10 (1%) will have a circumcision later in life for medical reasons, such as a condition called phimosis.
Circumcision slightly lowers the risk of developing cancer of the penis in later life. However, this form of cancer is very rare. One of every one million men who are circumcised will develop cancer of the penis each year. By comparison, 3 of every one million men who are not circumcised will develop penile cancer each year. Please note that according to the Canadian Cancer Society 1 in 9 women will develop breast cancer each year, 1 in 29 will die - and we absolutely do not routinely remove female babies breast tissue for the sake of future risk/benefit.
What About later in life - "I've heard about older children and men needing to have it done? Most infants and small children that require a circumcision are caused from mistreatment or the foreskin. Nothing special needs to be done in order to clean a male penis. In fact, you do not do anything. The number 1 rule is, you ONLY clean what is seen. Meaning you do not pull back or clean under anything. You do not go scrubbing around infant female genitalia, because their bodies too know how to self clean. If older men lose the ability to self clean, we do have a lot of services in place to help our seniors. If an older man is unable to clean his foreskin, he is also likely unable to clean his entire body sufficiently. This is not a foreskin issue, that is a basic hygiene issue.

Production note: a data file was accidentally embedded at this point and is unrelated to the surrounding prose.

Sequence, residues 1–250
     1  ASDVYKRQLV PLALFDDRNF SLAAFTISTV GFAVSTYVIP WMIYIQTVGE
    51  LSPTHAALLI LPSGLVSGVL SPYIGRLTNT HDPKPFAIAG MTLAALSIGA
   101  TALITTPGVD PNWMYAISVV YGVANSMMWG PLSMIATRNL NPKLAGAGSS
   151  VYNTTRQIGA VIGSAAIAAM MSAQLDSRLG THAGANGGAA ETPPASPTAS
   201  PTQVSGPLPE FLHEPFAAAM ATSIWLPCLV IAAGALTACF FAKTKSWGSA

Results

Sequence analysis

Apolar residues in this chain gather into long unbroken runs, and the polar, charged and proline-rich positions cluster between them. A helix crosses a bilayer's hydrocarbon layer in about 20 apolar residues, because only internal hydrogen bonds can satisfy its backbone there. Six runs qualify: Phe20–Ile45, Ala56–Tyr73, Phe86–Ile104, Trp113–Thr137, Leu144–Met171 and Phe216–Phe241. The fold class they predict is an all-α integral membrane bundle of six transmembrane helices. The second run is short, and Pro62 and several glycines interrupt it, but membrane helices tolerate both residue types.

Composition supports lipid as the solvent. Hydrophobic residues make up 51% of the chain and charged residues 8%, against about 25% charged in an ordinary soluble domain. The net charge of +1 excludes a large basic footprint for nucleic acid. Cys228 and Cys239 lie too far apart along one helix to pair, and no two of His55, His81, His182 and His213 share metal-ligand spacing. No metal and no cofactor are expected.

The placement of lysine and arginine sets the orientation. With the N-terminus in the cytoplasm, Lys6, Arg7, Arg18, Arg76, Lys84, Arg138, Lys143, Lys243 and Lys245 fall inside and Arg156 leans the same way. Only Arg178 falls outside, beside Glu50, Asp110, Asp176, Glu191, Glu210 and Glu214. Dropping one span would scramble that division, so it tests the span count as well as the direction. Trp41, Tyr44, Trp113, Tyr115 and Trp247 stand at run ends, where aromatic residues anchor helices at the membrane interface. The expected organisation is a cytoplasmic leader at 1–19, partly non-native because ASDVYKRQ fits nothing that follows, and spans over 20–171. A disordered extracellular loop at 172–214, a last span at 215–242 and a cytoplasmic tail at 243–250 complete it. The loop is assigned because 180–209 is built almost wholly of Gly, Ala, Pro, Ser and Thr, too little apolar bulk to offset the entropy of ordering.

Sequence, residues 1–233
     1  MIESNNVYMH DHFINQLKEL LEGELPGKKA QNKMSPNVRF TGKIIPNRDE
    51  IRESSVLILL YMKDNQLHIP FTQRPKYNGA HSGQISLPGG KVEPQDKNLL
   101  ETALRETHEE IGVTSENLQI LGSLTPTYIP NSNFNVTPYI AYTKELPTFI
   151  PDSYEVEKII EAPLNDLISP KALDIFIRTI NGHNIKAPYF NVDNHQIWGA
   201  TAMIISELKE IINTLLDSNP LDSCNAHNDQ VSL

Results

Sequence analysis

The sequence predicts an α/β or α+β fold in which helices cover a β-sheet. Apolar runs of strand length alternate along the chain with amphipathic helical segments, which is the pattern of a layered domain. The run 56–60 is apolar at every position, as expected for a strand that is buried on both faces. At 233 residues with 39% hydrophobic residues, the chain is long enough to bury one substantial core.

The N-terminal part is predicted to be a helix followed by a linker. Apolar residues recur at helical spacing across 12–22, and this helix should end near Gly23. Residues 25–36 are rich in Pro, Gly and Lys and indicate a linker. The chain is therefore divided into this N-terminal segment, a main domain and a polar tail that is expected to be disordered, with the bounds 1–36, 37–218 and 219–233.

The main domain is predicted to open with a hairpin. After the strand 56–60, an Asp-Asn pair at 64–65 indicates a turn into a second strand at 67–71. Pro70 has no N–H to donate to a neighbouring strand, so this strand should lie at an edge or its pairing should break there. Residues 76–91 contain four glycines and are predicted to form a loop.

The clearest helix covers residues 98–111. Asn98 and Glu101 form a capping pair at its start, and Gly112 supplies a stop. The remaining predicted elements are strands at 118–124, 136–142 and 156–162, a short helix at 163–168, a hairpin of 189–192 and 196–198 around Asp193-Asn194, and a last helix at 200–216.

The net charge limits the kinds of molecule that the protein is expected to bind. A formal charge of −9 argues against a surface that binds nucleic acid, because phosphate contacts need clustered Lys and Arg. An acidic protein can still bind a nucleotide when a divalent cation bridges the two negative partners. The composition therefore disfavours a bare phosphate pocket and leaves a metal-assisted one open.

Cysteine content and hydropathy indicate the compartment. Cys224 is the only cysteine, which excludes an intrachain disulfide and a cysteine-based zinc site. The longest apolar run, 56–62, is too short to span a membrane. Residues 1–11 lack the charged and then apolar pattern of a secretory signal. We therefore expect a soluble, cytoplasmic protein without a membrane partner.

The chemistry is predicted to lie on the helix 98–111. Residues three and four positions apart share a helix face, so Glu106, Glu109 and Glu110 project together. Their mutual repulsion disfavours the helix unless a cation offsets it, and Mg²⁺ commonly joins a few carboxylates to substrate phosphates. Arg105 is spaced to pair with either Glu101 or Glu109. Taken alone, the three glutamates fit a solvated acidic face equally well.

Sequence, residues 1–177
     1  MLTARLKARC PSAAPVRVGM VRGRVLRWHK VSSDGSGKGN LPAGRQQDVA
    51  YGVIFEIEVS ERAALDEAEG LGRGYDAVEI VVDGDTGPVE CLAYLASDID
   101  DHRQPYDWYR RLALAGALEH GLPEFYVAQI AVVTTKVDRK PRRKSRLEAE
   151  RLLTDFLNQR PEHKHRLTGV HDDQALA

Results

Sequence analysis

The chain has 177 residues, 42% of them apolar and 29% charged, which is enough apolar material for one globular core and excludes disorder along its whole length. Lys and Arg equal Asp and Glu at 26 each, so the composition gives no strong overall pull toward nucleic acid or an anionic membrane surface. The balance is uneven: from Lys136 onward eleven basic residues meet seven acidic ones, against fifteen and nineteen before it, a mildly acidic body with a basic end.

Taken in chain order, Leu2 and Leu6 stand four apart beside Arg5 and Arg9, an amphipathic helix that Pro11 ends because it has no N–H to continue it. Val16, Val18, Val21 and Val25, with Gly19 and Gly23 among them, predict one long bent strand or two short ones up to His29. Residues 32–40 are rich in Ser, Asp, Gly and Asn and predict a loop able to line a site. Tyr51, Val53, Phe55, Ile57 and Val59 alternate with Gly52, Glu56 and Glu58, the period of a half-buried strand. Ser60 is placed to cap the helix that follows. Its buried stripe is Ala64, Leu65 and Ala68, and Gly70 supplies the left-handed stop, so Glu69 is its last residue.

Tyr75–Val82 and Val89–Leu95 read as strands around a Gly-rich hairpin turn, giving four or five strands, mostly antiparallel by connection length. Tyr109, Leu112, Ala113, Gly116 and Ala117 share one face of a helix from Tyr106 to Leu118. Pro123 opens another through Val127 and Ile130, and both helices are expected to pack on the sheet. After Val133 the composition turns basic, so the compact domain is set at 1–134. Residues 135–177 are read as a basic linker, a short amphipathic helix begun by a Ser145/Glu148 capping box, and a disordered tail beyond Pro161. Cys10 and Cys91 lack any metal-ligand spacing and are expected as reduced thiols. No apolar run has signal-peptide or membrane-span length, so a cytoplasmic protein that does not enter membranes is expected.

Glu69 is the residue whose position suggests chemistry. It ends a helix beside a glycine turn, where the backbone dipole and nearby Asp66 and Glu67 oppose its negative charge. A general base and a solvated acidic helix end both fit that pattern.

Things to Think About In 2004 (reaffirmed in 2009) the College of Physicians and Surgeons of British Columbia clearly stated that circumcision has no medical benefits, that it is an extremely risky procedure, and could be a violation of the child’s human rights and a breach medical ethics.
Circumcision in Canada is increasingly becoming a rare procedure. According to Health Canada, roughly 25% of babies are circumcised. Since 1975 the Canadian Pediatric Society (CPS) has not recommend infant circumcision. As a result on April 1st (No Joke!) 1994 OHIP ceased funding for infant circumcision.
Originally circumcision was introduced in Canada, as well as other western English speaking countries, during the mid 1800 to prevent masturbation. Masturbation was blamed for causing many diseases, including: epilepsy, tuberculosis, insanity, and loss of skin. Since then numerous other benefits have been claimed, all of which have been largely disproved, are too small to consider (especially considering the risks), or irrelevant to Canadians. Today many doctors no longer practice this procedure, and some countries have banned it.